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To not always want to take autistic sibling out?

(37 Posts)
80srockheart Mon 27-Jul-15 08:36:46

My brother is in his 30s (as am I) and is autistic but fairly high functioning.

However a combination of a lack of local support and a certain pig headedness which may or may not be his condition means he has never held down a job, doesn't really have any friends and so on.

So he stays in a dark gloomy grubby house day after day. I feel so sorry for him.

Problem is I can't do anything without feeling he should come - visits to the cinema and shopping and coffee and he always has to come.

Sometimes I want to see my friends without him!

AIBU? Bearing in mind if he doesn't go out with me he doesn't go out.

AuditAngel Mon 27-Jul-15 08:38:38

No YANBU. I think it is great that you sometimes include him as this will certainly impact on your social life when he is there.

How does he interact with your friends?

TracyBarlow Mon 27-Jul-15 08:41:59

Dog course you don't have to take him out with you. It would help him if you encouraged him to make his own friends.

I have an autistic adult brother. Going to the gym really helps him massively terms of managing his condition and also in terms of having other adult interaction. Could you encourage your brother to do something like that? My brother's PIP pays for his gym membership.

TracyBarlow Mon 27-Jul-15 08:42:30

Of, not dog grin

hellhasnofurylikeahungrywoman Mon 27-Jul-15 08:43:19

No, YANBU. It is reasonable to want to do things with your friends without his company. Do the National Autistic Society have a group in his area?

Spartans Mon 27-Jul-15 08:44:24

I think it's great that you include him. But I also think yanbu to want some time to yourself, either.

Obviously I don't know your situation or your brother, but could you always including him make him feel he doesn't have to make the effort to go out on his own. Maybe if you didn't include him so much he may, eventually, decide to get out on his own.

Pagwatch Mon 27-Jul-15 08:46:11

Of course you should not do everything with him.

Your sibling has autism and the way that manifests itself means you feel he has a sad life. You may feel guilty about it and because I'm sure you love him, you want to make his life a bit better.
Put his life is not improved by your life being restricted. It's not improved by your being less than you can be.
It's better that you have a life of your own too - you then bring the other parts of your life when you spend time with him iyswim.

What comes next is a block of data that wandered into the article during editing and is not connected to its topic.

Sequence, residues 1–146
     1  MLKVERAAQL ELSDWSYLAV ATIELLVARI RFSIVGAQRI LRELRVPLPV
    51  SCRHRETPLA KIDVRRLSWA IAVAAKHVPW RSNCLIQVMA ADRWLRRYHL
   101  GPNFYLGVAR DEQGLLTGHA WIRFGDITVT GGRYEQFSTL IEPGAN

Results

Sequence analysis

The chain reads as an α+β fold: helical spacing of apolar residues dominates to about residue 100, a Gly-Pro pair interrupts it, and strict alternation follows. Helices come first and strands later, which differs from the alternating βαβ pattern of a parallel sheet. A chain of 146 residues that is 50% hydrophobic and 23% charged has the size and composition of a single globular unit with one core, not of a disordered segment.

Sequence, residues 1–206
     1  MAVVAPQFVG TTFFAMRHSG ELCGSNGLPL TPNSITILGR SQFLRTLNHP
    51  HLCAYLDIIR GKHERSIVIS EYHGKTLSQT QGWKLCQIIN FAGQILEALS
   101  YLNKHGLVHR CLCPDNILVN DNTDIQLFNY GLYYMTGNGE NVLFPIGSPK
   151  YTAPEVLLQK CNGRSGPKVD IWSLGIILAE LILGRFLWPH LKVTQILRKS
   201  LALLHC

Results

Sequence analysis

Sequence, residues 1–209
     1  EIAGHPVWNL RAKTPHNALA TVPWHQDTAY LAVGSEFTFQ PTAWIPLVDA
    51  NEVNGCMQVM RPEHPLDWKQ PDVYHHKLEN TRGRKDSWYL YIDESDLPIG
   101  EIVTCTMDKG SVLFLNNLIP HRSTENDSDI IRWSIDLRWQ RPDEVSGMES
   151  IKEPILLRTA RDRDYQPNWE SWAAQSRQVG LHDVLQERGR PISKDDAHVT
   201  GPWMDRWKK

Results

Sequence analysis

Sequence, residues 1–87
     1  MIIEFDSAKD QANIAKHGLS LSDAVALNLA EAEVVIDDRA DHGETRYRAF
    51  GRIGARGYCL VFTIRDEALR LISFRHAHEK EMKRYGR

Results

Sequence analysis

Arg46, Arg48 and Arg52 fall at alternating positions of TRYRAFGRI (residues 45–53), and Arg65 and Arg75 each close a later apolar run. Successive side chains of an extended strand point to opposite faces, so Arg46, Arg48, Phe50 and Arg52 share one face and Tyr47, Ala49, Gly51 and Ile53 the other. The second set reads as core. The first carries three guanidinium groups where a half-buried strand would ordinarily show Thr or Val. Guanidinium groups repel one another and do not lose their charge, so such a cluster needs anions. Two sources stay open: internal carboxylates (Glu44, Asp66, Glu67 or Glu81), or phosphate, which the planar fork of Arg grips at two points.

I am married. I would never do every single thing with my DH or we bring nothing new to our time together.

I have this conversation with my eldest son. He is an adult leading a very active, socially full life. He misses his brother who has ASD and will always be at home. But imo he should be with him when he wants to not out of pity or guilt.
Yes ,I'm admire his desire to visit because he hates how limited his brothers life is but I don't want him to live his brother life along with him.

You are entitled to your own life. Visit, go out together but not to the exclusion of your own separate friends and experiences. It does not make anyone happy.

TheHouseOnBellSt Mon 27-Jul-15 08:46:49

YANBU.Why don't you set an amount of outings in your head and stick to that....once a week or once a fortnight...whichever suits you best...and anything else you do is yours alone.

That's plenty! Of course you feel responsible for him and it's lovely he has you...but that's enough.

HuckleberryMishMash Mon 27-Jul-15 08:47:40


You absolutely should have plenty of time with your friends without your brother there.

Is it you that is making you feel you ought to invite him or is it your brother, or someone else.

If it's you, you need to change your mindset. Go to the cinema/for a walk or whatever with your brother a couple of times a month.

He will never make the effort to try and form his own relationships if you hand a social life (yours) to him on a plate. In the long run it will be better for him if you can encourage him to find his only social life. Are there any interests he has where he could go along to an evening class/club of some sort?

I know everyone is different but I believe there are people with autism who manage to have a fulfilling social life by going along to specific-interest clubs.

Lastly, it is never the right thing to do to keep making yourself do something until you resent it. That won't do anyone any good. Find a happy medium where you're still spending some time with him but don't feel he is impacting on your social life so much.

dietstartstmoz Mon 27-Jul-15 08:48:44

Have you contacted the national autistic society to see if there are any groups locally that he could attend? Or does he have a hobby he could get involved in? Does he have a social worker that can help with social activities?

80srockheart Mon 27-Jul-15 09:01:31

Thank you. My brother is very much in denial about his condition - he genuinely feels it's something to be ashamed of (I think our mum and dad were unhelpful in this respect) and so he wouldn't go near anything like the society. It's taken 36 years to get to the point of diagnosis.

My friends LOVE my brother; they are really fond of him and he can be lovely and sweet but he's incapable of focusing on anything that doesn't concern or interest him so visits can be wearing and he has high levels of anxiety too.

Sometimes it's great; we went to see Jurassic World last week and he loved it (he loves dinosaurs) and it was great; other times it's more forced like when we want a girly gossip and he's there wanting to talk about vanishing planes and serial killers!